Video services

Indie MSOs Plug ‘Dumb Pipe’ Video Model

NATIONAL HARBOR, Md. -- American Cable Association Summit -- If the cable industry evolves into a business that calls on MSOs to generate revenue by selling access to a "dumb pipe" that delivers video from broadband-based over-the-top (OTT) firms or other outside providers, local cable systems could become more profitable than they are now, leaders of several small cable operators said here today.

"That [OTT] business model is probably better than the economics of our current video business," Wave Broadband COO Steve Friedman said during a briefing here at the American Cable Association (ACA) -run conference.

Friedman and other executives pointed to the high cost of sports programming and contracts with programmers that offer little flexibility in explaining why it may be more profitable to sell access to programming distributed by another provider.

"From a distribution standpoint, we control how we distribute from one point to another. We don't control the product and the content. Our video margins are going down year after year," said Colleen Abdullah, the CEO of WideOpenWest Holdings LLC (WOW) .

Cable One Inc. CEO Tom Might warned that cable operators would also have to charge subscribers based on the amount of bandwidth they consume if the industry transformed into a dumb pipe business.

"If someone is going to use a lot, they're going to have to pay more than someone who uses a little. It's not an efficient way to deliver video to the house. But if that's the way the marketplace goes, someone will have to pay for those bits," Might said.

Abdullah also noted that subscribers would have to pay rates based on usage. "If less than 10 percent's like charging the same to someone who keeps their heat at 80 degrees all winter the same as someone who freezes. It's not fair. The more you use, the more you should pay," Abdullah said.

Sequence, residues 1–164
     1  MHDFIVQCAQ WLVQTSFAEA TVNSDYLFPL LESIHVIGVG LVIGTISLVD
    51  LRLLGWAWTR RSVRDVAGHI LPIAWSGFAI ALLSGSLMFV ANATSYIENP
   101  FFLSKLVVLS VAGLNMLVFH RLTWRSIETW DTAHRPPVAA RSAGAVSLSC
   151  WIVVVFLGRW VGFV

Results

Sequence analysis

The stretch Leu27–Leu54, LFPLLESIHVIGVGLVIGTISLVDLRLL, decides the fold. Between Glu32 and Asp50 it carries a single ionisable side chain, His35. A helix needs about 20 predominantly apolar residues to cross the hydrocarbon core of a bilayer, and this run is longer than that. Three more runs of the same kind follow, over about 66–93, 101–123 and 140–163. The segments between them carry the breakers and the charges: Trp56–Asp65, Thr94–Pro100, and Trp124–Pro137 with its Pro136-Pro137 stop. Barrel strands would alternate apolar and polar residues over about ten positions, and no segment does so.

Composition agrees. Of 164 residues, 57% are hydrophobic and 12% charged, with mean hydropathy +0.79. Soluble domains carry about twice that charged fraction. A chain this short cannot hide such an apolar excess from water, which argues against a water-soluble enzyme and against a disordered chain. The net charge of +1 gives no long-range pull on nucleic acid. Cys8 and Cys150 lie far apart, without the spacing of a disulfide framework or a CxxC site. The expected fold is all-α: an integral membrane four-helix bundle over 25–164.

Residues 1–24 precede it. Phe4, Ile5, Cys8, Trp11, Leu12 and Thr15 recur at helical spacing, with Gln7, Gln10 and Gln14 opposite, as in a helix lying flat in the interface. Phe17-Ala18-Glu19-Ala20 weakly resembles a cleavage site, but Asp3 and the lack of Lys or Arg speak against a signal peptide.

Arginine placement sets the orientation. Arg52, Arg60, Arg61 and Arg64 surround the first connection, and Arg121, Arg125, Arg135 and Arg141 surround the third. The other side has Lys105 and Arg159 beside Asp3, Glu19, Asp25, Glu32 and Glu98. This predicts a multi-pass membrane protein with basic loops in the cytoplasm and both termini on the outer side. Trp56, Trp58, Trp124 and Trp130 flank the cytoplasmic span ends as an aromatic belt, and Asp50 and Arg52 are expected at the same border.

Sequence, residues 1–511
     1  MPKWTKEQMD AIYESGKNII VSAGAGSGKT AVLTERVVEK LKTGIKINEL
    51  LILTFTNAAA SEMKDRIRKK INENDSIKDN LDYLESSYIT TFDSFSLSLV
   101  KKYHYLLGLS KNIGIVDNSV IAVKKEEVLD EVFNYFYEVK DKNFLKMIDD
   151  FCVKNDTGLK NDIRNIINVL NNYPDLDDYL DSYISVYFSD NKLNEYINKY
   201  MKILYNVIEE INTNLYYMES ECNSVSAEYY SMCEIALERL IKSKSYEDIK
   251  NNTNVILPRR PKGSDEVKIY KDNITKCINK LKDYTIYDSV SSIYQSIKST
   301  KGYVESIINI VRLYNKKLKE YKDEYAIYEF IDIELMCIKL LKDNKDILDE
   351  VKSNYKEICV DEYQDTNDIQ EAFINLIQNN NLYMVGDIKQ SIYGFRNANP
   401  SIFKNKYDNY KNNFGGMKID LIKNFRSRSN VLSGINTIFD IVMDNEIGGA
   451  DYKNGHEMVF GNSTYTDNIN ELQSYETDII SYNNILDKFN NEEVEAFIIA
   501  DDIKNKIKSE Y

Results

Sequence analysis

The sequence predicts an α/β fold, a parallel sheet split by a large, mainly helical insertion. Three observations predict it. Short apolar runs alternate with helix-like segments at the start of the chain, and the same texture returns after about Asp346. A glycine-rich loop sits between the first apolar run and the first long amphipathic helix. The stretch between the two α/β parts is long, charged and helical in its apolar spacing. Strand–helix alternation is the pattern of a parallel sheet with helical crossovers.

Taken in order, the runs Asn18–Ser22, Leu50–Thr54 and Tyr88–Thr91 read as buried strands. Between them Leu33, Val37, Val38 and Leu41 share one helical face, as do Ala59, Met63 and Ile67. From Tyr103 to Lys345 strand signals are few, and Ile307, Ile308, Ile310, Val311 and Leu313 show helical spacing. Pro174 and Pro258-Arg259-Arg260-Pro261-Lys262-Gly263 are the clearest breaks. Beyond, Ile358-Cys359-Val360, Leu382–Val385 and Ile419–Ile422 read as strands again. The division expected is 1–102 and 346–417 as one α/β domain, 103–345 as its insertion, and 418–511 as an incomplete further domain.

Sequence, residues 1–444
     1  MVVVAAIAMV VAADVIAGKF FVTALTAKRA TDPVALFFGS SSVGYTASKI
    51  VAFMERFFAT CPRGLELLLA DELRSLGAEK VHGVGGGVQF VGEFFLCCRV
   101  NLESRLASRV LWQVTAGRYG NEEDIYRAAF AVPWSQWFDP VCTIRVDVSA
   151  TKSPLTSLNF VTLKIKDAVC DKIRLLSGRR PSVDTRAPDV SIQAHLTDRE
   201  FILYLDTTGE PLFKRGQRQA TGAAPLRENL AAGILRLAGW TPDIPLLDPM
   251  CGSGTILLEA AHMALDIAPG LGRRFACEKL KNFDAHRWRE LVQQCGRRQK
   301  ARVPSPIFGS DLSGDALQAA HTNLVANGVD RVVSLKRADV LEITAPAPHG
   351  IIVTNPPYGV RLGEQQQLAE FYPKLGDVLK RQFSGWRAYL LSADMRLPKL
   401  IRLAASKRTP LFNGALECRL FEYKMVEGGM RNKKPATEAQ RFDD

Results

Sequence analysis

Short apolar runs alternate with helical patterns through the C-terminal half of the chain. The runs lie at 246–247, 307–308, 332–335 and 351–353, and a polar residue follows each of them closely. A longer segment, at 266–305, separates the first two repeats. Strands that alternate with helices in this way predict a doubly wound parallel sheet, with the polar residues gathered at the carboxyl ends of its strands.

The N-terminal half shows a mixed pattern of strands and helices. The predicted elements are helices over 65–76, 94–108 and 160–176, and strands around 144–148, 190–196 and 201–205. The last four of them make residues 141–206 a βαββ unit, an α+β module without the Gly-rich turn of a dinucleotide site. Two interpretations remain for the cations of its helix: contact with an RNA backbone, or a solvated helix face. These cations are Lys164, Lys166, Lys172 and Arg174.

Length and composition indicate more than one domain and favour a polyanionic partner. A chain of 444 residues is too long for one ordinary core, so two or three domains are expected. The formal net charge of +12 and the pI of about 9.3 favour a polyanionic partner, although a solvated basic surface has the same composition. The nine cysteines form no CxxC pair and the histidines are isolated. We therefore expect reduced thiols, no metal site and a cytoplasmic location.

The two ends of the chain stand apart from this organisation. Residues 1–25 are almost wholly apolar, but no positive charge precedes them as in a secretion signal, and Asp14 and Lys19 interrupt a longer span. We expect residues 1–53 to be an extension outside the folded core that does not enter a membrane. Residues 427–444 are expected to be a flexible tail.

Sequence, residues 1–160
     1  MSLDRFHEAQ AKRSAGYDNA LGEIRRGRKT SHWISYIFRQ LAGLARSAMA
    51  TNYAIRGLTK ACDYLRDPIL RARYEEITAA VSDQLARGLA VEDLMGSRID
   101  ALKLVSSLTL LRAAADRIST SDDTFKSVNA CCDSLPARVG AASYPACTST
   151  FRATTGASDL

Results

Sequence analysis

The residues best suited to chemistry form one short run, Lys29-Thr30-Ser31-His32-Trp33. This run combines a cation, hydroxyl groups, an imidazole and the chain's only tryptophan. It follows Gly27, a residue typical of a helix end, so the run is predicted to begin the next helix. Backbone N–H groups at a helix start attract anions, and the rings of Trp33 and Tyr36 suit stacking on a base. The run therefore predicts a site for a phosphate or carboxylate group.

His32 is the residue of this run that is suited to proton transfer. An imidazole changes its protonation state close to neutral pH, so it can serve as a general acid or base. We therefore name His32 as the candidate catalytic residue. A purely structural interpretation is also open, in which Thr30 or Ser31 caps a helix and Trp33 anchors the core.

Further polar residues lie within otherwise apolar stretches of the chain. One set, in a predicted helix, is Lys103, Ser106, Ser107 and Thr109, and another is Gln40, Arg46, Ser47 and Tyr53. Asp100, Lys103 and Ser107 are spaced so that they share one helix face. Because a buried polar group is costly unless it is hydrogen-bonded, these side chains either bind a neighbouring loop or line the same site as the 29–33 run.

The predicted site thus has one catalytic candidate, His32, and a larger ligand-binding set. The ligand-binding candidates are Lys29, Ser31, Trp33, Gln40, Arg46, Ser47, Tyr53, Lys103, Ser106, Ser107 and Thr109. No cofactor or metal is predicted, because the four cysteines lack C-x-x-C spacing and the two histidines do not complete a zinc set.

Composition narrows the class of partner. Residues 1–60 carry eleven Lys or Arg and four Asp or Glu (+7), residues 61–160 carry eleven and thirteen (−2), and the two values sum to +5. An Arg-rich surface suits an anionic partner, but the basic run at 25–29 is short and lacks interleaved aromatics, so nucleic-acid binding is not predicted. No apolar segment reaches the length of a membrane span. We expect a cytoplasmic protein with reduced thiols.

While the dumb pipe model may offer some opportunities for local operators, not all executives were supportive of the idea. "Video is still the bread and butter of our company. We wouldn't be ready to abandon video yet," said Jim Bruder, CEO of Harron Communications, the parent of MetroCast Cablevision .

MSOs could face competition from OTT providers that deliver video over cable's high-speed access lines. In another scenario, a major MSO like Comcast Corp. (Nasdaq: CMCSA, CMCSK) could conceivably sell Internet-fed, subscription-based video programming from its Fancast Xfinity TV site to consumers outside of its cable system footprint. (See Comcast Forges 'Excalibur' for IPTV and Comcast's 'Xfinity' Goes Live .)

Might was unconcerned with the notion that an operator like Comcast could compete with him in Cable ONE's markets. "Bring them on," Might said, noting that Cable ONE has a better customer service reputation than the nation's largest MSO.

Abdullah said WideOpenWest would consider launching its own TV Everywhere (TVE) site that would offer subscribers online access to content from their pay-TV packages, noting that it has the ability to authenticate which subscribers should get access. But she said WOW hasn't been able to reach carriage deals with cable networks that would give it rights to distribute programming on a TVE site. "That's where we're struggling now," she added.